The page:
Vermut - a Catalan obsession
Last year, the Beloved and I were going on holiday to Sitges and Barcelona in north-east Spain. I messaged our neighbour, who's from Valencia: “What aperitif should I drink in Catalunya?” I was stunned how quickly the reply came back: “Vermouth.” Just one word. No hesitation, no explanation, just “vermouth.”
Let’s be honest, vermouth isn’t something you associate with Spain if you don’t drink there a lot. I’d expected to be advised to drink Cava, sherry or an interesting cocktail made from some local spirit or liqueur, so her answer stunned me.
Being an obedient sort, I headed out to a suitable-looking bar on the first evening and rather nervously asked for “vermut” (pronounced “bear-mutt”). The waiter handed me a bar menu, detailing at least a dozen local vermouths, including a special offer for 4 plates of snacks with every 2 glasses ordered of their house aperitif. Their vermouths ranged from light and cheap to very expensive, and each was described in terms of which prize it had won in which year. Catalans, it seems, take their vermouth very seriously indeed! This small region, a little bigger than Wales, produces tens, if not hundreds, of fine quality vermouths and pits them against each other annually to find the best. Drinkers all have their favourite and will tell you why you should try it before all the others.
Vermouth culture in Catalunya isn’t just about the drink, of course. I’d noticed the previous year in Madrid that bars often advertised vermut in their window and had been told that the locals all drink vermouth on a Sunday. How odd! Not really: what I found out in Barcelona is that “fer vermut” doesn’t simply mean to have a drink. It encompasses the vermouth, some snacks, relaxation, political debate, family gossip. You name it. When Spanish and Catalan families fer vermut on a Sunday afternoon, they spend a good couple of hours together. The drink is important, but not the purpose. My literature-teacher Godmother might have explained this is an example of synecdoche – naming part of something (in this case the drink) to stand for the whole (the 2 to 3-hour social occasion around a drink and some snacks), and our phrase might best be translated as “to enjoy an aperitif hour (or two, or three) with others.” Catalan is a lovely, succinct language.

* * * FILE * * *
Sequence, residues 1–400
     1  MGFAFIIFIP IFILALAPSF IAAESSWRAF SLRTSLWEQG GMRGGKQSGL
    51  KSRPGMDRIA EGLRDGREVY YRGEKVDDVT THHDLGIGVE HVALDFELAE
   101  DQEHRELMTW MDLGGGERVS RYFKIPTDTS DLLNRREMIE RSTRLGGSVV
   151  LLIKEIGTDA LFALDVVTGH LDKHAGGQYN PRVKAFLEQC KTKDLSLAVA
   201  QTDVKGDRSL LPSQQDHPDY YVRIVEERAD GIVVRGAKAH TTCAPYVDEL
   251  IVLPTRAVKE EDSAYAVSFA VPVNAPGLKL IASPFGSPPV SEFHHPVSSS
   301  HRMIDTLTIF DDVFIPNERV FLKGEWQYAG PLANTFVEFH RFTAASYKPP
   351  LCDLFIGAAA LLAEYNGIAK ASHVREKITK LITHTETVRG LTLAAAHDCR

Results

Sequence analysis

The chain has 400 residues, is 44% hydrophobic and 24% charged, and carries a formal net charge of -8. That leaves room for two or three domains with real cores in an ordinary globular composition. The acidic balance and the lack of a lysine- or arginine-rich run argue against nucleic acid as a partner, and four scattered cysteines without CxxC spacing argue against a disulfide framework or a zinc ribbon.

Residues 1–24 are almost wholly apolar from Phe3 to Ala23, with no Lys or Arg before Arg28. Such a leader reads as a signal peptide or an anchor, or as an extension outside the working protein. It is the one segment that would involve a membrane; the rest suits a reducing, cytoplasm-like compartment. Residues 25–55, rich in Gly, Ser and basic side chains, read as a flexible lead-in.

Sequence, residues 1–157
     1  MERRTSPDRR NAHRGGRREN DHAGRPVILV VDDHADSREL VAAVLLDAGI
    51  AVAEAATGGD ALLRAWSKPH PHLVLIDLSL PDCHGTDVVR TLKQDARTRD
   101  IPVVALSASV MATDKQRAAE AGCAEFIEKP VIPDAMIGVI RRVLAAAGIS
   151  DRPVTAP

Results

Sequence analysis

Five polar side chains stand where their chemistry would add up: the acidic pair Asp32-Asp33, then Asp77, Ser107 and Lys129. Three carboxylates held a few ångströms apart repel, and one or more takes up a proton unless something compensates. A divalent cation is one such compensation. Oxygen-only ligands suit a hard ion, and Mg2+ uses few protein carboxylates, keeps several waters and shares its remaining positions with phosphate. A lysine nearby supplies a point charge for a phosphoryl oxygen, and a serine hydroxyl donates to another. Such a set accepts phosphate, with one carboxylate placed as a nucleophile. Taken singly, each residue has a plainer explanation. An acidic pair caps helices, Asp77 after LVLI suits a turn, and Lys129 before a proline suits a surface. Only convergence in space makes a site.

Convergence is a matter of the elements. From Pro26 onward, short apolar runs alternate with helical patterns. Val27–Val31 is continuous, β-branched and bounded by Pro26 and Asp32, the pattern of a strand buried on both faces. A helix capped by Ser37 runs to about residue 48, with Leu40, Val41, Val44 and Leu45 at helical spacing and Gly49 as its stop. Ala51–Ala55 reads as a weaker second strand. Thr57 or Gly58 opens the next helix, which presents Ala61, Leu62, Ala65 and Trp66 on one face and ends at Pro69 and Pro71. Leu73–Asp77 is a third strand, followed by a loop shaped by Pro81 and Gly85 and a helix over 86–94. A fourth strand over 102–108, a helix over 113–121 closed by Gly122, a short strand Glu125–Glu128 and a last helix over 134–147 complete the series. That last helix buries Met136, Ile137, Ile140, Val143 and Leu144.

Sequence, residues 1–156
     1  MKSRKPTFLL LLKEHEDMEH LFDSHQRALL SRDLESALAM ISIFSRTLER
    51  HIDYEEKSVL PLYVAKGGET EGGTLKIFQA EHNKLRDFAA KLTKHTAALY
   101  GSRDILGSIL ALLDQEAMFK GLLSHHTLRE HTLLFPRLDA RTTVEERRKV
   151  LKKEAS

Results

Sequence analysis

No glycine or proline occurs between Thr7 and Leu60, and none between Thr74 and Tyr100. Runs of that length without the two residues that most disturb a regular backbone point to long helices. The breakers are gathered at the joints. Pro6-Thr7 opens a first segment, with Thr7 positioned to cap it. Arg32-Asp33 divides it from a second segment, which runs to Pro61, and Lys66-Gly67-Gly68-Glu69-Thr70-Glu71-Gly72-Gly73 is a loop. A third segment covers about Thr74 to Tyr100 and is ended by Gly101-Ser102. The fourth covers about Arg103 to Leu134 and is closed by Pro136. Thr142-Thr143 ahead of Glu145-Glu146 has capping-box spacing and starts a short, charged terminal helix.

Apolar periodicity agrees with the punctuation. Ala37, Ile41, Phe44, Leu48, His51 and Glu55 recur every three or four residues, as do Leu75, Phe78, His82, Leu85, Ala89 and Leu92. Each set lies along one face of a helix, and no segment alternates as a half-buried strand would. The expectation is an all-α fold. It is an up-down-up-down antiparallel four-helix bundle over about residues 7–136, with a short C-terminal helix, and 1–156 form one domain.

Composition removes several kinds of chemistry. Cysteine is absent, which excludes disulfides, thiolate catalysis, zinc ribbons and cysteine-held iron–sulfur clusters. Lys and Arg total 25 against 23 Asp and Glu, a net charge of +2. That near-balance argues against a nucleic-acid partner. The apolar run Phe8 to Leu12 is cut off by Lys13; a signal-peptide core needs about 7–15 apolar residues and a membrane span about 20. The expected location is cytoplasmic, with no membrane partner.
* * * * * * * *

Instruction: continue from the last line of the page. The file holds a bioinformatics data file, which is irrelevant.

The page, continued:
Spanish and Catalan vermouths are not easy to come by outside their homeland, which is a shame. They stand up to anything Italy and France have to offer. Red vermouths, by far the most popular, divide into rojo (red) and negre (black). The red is lighter, both in colour and flavour. They can be as light as pale amber and tend to be herbal in flavour. The negre is dark brown and tastes sweeter, with sometimes a hint of vanilla and spice. Some enjoy the bitterness of orange peel, others gentian and even pine. One or two of the vermouth houses produce white versions, which are not as dry as their French cousins but fuller bodied than the Italian ones.
Here in the UK, I’ve found a sherry-based vermouth by Lustau. The white is dry on the tongue and pleasantly astringent with myrrh. The red has a rich depth of thyme and spices. Both will go well with chorizo or ham, fried broad beans ("habas fritas") and big, juicy olives. Now that the sun's returning, I'm looking forward to some afternoons outside with the Beloved, learning a little more Catalan from the Valenciana next door.
Popular brands in Catalunya, if you can get them, include Mascaró, Casa Mariol and, paying tribute to one of the region’s most famous sons, Miró. All are excellent to drink with ice and a slice of citrus fruit (try lime). Why not buy a bottle and start your own family tradition of fer vermut of a Sunday lunchtime?
Next week: some springtime cocktails to raise your spirits